Pasteurisation is the process of heating milk and then rapidly cooling it to eliminate harmful bacteria and lengthen shelf life. Powdered milk undergoes dehydration to create a product suitable for use in baby formula and baking. These products each have inherent disadvantages due to manufacturing methods. A loss of nutrients is one of the biggest problems.
Removal of Good Bacteria and Essential Vitamins
According to non-profit human health advocacy group, The Weston A. Price Foundation, pasteurisation removes beneficial bacteria from raw milk. The process also weakens protein chains in milk and diminishes vitamins and minerals. The pasteurisation process completely eliminates vitamin C from milk. According to doctor of osteopathic medicine Joseph Mercola, writing for Pro Con's website, the lactic acid fermentation bacteria present in raw milk is helpful to the human body because it inhibits the growth of harmful bacteria and aids in digestion. This allows the body to absorb more nutrients.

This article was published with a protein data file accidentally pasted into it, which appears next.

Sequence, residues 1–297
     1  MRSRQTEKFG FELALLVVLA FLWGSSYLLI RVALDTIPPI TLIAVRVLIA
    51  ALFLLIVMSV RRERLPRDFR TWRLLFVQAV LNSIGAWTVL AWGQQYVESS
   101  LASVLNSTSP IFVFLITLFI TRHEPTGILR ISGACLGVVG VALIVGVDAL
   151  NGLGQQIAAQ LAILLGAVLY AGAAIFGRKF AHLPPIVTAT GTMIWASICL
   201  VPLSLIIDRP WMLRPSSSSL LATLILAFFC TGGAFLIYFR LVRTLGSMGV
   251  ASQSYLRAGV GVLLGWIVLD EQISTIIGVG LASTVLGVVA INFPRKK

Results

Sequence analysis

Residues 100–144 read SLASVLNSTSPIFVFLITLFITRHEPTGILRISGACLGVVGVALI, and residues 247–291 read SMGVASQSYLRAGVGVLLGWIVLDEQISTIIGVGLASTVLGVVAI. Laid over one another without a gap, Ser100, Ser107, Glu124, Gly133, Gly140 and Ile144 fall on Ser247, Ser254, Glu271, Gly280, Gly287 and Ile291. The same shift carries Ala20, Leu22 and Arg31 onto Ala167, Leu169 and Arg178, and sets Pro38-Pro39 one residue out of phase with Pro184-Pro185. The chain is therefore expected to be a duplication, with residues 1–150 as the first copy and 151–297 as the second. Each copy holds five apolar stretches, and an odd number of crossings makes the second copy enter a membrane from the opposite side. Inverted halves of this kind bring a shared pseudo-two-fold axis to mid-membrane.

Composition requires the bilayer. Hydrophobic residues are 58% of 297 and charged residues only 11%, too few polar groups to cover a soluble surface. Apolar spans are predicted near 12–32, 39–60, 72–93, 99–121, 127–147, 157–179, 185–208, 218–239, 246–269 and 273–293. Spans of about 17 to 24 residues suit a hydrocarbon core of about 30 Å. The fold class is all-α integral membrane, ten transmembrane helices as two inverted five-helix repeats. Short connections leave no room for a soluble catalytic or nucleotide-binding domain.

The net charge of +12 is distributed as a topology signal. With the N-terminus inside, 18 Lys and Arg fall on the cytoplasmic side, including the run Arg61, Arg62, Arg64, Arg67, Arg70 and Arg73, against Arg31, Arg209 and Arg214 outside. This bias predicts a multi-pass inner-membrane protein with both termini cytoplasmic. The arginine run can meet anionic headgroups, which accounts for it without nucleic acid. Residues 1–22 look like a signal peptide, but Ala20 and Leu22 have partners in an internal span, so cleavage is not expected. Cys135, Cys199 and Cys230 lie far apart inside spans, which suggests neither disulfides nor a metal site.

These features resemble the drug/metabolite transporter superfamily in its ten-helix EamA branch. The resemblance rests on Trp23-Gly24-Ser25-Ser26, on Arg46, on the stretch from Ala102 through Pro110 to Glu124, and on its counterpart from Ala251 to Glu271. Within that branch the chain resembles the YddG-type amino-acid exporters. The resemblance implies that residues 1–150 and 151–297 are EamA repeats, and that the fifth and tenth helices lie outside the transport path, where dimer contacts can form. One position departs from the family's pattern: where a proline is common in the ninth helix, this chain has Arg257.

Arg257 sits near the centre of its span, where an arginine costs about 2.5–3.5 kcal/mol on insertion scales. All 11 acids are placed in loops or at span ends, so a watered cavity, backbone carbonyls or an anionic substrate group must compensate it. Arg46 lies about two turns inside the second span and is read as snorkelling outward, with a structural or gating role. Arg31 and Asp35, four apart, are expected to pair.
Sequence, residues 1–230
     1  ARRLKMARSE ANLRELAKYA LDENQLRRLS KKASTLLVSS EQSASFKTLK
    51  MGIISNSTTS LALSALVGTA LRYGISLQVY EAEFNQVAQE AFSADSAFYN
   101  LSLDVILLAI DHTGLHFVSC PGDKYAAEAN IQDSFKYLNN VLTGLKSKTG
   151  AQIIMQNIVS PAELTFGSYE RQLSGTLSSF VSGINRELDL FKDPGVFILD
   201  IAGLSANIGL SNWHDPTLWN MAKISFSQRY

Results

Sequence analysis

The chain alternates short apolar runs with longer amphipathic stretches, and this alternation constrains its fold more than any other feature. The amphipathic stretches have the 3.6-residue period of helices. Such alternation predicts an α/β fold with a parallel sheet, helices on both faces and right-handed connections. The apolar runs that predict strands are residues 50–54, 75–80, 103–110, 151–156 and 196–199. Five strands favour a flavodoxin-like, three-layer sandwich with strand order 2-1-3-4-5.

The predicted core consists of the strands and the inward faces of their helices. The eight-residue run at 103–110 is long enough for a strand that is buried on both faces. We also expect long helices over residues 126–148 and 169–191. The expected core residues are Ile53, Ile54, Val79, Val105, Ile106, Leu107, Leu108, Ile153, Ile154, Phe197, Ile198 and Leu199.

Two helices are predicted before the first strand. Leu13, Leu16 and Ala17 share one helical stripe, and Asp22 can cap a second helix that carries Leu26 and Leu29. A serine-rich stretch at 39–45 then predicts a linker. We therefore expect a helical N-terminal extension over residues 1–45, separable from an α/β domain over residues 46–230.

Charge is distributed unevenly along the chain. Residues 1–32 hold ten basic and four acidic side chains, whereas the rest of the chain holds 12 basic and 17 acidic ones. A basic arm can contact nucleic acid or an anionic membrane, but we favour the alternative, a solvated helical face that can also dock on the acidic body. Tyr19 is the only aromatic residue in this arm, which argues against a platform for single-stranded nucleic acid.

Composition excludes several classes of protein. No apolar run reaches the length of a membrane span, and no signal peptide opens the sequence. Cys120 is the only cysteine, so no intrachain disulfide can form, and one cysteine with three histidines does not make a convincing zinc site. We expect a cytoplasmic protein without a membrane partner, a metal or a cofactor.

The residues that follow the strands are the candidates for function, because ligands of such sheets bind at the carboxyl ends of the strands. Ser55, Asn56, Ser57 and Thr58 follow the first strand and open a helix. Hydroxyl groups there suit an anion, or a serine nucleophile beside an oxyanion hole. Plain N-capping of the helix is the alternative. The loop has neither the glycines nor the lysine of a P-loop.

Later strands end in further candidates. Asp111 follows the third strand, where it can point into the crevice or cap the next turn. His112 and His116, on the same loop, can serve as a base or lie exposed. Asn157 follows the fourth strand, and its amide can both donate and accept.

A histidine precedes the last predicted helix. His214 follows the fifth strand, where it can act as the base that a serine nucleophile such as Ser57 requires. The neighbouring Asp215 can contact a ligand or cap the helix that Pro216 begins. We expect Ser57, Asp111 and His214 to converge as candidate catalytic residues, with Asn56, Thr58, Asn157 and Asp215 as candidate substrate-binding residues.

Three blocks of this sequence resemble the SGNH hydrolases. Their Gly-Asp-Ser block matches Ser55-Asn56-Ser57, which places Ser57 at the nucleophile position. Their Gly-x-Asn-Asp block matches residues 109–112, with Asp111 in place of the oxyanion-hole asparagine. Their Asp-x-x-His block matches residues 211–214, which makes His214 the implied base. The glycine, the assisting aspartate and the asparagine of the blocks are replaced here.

Allergic Reactions and Illness
Doctor Joseph Mercola also states that pasteurised milk presents a greater risk of allergic reaction to people as opposed to raw milk. Many people diagnosed as allergic to milk but not lactose intolerant are actually allergic to the way pasteurisation alters the composition of milk. Additionally, the potential does exist for errors in the heating process of pasteurisation which would actually promote the growth of harmful bacteria. This can pose a significant health risk.
Lack of Antibodies and Health Risks
An infant consuming powdered milk as opposed to breast milk does not receive the antibodies necessary to build a strong immune system to fight infection. This lack of protection can place a newborn at risk for a serious illness. Powdered milk loses vitamin and mineral content in ways similar to pasteurisation making it less beneficial for consumption. Powdered milk is a dehydrated product which means it must be reconstituted using water. If the water is unclean it can place anyone who consumes the milk at risk for bacterial infection.
Newborns who consume powdered milk products as opposed to liquid formula or breast milk have firmer stomachs and more gas. This can be uncomfortable for the child as the build-up of gas can lead to extended crying, refusal to eat and a rather unpleasant smell. The developing digestive systems of newborns are also susceptible to constipation from powdered milk products.